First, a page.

On December 13, 2016, President Obama signed the 21st Century Cures Act. While the law affects many aspects of the health care industry, including reforms to federal policy on mental health care, drug approvals, and increased funding for medical research, the most important change for many federally qualified health centers is the expansion of Federal Tort Claims Act (FTCA) coverage to include coverage for volunteers. Specifically, Section 9025 of the Act amends the Public Health Services Act to expand FTCA coverage to health professional volunteers at federally qualified health centers.
Background on the Public Health Service Act and FTCA coverage
Section 224 of the Public Health Service Act provides immunity from lawsuits to Section 330-funded health centers and their officers, directors, employees and certain full-time and part-time contracted clinicians when the health center applies for and is deemed to be a Public Health Service (“PHS”) employee by the Health Resources and Services Administration (“HRSA”). For purposes of professional liability protection (i.e. medical malpractice protection), these individuals and entities are treated as PHS employees. Deemed health centers and their employees and covered contractors are immune from malpractice lawsuits against them. Instead of suing the health center or provider in a malpractice suit, the patient must file an administrative claim against the United States according to the requirements of the Federal Tort Claims Act.
Volunteers under the 21st Century Cures Act
With the passage of the 21st Century Cures Act, health professional volunteers at deemed health centers may also be deemed to be employees of the PHS and may receive FTCA coverage.
As described in the law, a person is considered a “volunteer” if:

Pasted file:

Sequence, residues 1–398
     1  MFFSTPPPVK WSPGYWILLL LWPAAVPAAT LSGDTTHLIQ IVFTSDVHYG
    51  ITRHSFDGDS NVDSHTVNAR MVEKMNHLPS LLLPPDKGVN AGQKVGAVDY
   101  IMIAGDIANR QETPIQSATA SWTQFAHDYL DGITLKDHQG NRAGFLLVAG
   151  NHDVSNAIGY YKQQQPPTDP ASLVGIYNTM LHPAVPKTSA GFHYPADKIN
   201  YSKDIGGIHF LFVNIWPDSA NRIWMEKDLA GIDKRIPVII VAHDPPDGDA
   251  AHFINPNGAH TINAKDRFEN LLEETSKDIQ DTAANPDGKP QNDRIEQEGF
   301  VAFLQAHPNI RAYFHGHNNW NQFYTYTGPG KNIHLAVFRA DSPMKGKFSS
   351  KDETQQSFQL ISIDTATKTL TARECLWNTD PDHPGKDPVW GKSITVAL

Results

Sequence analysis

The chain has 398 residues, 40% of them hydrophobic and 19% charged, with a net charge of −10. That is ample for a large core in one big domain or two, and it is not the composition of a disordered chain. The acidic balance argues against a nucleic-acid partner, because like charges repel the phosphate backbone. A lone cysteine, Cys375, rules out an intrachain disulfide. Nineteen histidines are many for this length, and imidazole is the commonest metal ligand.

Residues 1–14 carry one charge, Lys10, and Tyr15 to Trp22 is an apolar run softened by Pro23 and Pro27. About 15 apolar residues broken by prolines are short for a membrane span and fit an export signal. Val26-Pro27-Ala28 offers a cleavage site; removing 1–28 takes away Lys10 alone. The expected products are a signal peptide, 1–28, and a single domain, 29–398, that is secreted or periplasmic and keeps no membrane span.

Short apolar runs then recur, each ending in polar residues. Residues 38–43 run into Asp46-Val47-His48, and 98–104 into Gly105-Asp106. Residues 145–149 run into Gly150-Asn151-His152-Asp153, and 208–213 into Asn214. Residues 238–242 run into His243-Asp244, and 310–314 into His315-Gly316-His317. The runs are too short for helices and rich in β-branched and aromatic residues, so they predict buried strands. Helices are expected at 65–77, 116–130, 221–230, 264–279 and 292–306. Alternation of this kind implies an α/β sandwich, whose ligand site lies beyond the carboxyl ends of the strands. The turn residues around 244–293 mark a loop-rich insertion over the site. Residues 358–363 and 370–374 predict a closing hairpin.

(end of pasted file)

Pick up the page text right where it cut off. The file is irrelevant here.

- The services are provided at health center facilities or off-site programs or events carried out by the health center;
- The health center “sponsors” the practitioner;
- The health care practitioner does not receive any compensation from the health center, patient or any third-party payer;
- Before providing any service, the health center is required to post a notice at the site where the service is provided detailing the extent of the limitations of liability of the practitioner;
- At the time the service is provided, the practitioner is licensed and certified as required by state and federal law; and,
- At the time service is provided, the health center maintains relevant documentation that the practitioner meets the requirements to be a volunteer.
In order to “sponsor” a volunteer, the health center must submit an application to HRSA. Upon approval of the application, FTCA protection would provide coverage for the volunteer providing a health professional service eligible for funding under Section 330.
Until HRSA provides guidance on the implementation of this new protection for volunteers, health centers should not assume that volunteers at their centers are protected by the FTCA. Once guidance is issued by HRSA, it will take health centers some time to submit volunteer sponsorship applications, receive approval from HRSA and come into compliance with the other requirements related to volunteers.
We will be monitoring the implementation of this statute and keep you informed of the development of this new FTCA protection for volunteers at health centers. If you have any questions, please contact Martin Bree at email@example.com or 202-466-8960.
To learn more about FTCA coverage and your health center, join us for An In-Depth Look at Federal Torts Claim Act on February 28th and March 1st.